Having an actual ownership stake in the Chinese toolmakers goes a long way toward ensuring their priorities match those of the U.S. operation, Eastham says. “We’re not a customer of this company. They have a stake, too,” he explains, noting that the relationship offers the flexibility required to accommodate urgent work. In fact, Burteck maintains a dedicated team based in China to facilitate better coordination on tooling that ships to the U.S., all of which is designed at the Connecticut headquarters facility. The team also oversees quality control and sampling operations (the latter of which are often videotaped).
What Eastham calls “due diligence” on U.S.-bound tools doesn’t stop with the team in China. Upon arrival in the U.S., each and every mold goes through a stringent checklist to ensure it meets customer specifications. Surface finish, vents, gate sizes, manifold heating zones—virtually every aspect of every tool is thoroughly checked and documented, Eastham says. Other steps common to every build include hanging tools by a lift strap to ensure they’re level and spotting to ensure proper operation.
A Flexible Approach
As word of mouth about Burteck spread during the past four years and business increased, the company continued to ramp up its capabilities in the U.S., a trend that continues today. During the past few months alone, Burteck has hired an apprentice and added three new machine tools (a Haas VF 2YT VMC, as well as a Mikron HSM 500 LP VMC and an AgieCharmilles sinker EDM with carousel electrode changer, both from GF Machining Solutions).
A number of factors account for the ramp-up in domestic capability. Certain work, such as a new market in micromolding, requires capabilities that aren’t available in China. (The company plans to showcase its capabilities in this area at the NPE show next month.) Beyond that, economic forces driving the widely heralded reshoring movement have made manufacturing in the U.S. more attractive, Eastham says. In fact, some customers are even willing to pay a bit more for a tool that’s fully machined and assembled here at home.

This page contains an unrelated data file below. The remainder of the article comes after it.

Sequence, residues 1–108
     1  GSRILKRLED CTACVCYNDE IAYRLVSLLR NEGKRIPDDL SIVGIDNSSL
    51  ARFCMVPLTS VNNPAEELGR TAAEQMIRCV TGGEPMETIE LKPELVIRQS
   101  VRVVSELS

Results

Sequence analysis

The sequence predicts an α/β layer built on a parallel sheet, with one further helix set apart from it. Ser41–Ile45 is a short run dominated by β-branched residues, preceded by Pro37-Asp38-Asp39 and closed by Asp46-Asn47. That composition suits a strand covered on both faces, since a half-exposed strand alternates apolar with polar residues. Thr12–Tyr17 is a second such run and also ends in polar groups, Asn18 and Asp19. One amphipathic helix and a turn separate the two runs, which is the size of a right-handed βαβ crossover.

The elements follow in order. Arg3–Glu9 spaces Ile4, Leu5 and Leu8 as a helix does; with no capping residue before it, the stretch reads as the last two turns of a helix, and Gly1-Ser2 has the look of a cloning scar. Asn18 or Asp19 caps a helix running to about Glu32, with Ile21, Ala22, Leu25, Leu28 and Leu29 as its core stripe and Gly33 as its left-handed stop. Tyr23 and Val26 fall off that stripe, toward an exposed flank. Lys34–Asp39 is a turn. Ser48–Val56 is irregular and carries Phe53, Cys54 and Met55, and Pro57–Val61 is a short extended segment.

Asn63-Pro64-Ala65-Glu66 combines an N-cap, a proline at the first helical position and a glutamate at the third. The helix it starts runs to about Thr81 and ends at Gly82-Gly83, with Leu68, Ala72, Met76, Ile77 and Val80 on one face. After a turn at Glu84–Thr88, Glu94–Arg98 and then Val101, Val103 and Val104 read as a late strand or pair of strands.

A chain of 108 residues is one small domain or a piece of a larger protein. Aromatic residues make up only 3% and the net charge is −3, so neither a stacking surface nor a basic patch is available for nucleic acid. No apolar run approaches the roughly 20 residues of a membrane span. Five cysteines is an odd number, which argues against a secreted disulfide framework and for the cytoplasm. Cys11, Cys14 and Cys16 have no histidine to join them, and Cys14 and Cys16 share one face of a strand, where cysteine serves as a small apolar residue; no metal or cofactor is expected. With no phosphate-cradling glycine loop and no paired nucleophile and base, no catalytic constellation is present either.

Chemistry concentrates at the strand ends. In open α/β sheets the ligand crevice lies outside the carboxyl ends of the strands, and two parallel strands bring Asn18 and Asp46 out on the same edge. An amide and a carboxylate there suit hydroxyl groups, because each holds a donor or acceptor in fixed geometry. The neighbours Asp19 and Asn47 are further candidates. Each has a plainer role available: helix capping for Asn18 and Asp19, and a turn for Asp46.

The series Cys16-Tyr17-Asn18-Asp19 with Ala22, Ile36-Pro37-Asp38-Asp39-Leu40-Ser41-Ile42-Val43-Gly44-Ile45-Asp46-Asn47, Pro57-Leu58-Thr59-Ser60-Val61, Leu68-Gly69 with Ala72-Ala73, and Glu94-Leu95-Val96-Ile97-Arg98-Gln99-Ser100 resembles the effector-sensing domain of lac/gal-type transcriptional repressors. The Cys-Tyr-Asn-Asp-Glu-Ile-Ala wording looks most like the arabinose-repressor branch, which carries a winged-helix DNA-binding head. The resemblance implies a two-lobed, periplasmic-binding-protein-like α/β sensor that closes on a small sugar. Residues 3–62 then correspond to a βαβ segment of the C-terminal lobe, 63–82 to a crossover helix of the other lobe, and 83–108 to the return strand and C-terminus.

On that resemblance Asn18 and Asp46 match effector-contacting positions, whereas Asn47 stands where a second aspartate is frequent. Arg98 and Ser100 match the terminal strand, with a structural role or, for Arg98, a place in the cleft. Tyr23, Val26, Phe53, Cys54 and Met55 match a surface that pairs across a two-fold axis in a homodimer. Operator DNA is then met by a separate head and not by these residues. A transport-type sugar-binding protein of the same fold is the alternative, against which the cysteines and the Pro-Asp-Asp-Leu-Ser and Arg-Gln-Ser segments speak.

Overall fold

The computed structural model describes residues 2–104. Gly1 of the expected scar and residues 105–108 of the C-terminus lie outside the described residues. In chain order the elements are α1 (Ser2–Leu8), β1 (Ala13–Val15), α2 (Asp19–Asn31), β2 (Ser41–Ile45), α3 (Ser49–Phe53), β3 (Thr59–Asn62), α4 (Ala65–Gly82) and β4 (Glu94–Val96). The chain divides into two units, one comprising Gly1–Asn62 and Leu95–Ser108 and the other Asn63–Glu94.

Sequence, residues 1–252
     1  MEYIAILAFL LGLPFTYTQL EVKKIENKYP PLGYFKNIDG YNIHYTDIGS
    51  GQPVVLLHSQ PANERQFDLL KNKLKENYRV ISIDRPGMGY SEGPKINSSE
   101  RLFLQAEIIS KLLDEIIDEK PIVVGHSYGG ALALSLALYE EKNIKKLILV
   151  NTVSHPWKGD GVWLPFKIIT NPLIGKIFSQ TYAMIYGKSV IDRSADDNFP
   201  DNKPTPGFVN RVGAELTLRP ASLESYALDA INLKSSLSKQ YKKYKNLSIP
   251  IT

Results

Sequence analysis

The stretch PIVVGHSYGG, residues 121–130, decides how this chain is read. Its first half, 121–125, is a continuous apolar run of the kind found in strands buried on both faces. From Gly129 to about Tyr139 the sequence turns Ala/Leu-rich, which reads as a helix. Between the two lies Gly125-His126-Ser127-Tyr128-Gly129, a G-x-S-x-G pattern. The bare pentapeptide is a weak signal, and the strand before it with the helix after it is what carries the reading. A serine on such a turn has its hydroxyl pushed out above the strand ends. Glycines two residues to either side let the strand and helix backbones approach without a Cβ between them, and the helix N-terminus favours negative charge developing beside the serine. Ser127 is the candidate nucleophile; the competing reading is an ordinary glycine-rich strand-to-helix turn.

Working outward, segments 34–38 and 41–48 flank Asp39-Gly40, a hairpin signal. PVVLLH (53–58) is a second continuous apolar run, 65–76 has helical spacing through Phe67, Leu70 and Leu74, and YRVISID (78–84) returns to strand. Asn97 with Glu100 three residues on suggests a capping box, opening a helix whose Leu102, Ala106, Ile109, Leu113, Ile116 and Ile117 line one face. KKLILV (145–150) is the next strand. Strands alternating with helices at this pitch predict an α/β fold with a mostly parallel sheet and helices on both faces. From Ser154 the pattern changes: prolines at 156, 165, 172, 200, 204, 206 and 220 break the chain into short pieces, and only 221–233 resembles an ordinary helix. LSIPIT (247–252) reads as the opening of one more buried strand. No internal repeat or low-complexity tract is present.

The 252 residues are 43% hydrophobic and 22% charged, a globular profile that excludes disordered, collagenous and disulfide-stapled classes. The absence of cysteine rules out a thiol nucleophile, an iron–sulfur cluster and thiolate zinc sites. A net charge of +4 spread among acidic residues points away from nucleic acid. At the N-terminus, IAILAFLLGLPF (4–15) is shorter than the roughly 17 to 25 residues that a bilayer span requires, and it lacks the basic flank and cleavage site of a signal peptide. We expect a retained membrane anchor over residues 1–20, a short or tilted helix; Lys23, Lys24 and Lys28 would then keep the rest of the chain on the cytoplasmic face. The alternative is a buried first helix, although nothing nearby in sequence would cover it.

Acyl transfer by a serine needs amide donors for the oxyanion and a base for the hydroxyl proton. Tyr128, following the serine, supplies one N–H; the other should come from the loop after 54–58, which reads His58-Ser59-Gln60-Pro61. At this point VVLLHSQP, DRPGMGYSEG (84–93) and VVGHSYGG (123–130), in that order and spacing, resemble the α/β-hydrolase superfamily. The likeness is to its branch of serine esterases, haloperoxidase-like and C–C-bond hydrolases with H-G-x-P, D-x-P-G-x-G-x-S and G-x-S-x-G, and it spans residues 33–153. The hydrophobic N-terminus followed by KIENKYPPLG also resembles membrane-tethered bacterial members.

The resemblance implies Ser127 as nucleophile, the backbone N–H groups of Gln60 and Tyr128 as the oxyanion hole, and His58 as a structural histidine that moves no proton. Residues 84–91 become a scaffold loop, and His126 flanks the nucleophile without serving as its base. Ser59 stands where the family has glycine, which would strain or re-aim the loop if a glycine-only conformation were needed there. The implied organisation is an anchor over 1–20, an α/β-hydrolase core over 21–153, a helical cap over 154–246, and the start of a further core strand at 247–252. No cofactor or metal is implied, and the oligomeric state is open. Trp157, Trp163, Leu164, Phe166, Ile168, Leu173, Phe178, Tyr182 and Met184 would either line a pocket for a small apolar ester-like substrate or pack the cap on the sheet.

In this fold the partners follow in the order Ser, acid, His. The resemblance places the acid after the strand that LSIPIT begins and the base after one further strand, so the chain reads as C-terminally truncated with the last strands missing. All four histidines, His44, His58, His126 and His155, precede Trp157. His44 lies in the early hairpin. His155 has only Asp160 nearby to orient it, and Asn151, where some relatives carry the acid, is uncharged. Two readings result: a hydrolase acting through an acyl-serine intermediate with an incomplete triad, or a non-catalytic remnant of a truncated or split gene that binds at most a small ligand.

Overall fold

Yet, despite recent trends, the flexibility that comes with an overseas partner is just as advantageous as ever for the growing company, Eastham says. That’s because Burteck can flex capacity as needed according to the requirements of the job. “If we’re quoting a 15-mold package, we know we can do the whole thing,” he explains. “Having all the equipment and staff you need domestically just isn’t feasible sometimes.”
This capacity flexing is often more complicated than choosing to manufacture here or there. For example, one recent job involved roughing in China and finishing in Connecticut to complete the build before the holiday season. Whether due to timing considerations, particularly complex tooling, stringent surface finish requirements or other proprietary concerns, opting for a “hybrid build” can enable faster turnaround than would be possible otherwise.
Regardless of where the work is performed, Burteck’s chief priority is ensuring that all tooling carrying its name is held to the same high standard. As long as it meets that goal, a careful, strategic approach to global production can help adapt to whatever the future has in store.
“The philosophy of ‘USA or bust’ is a very narrow-minded point of view,” Eastham says. “I think people who bang their fists on the table and say ‘This way or no way’ are missing opportunities. The proof of that is where we are today.”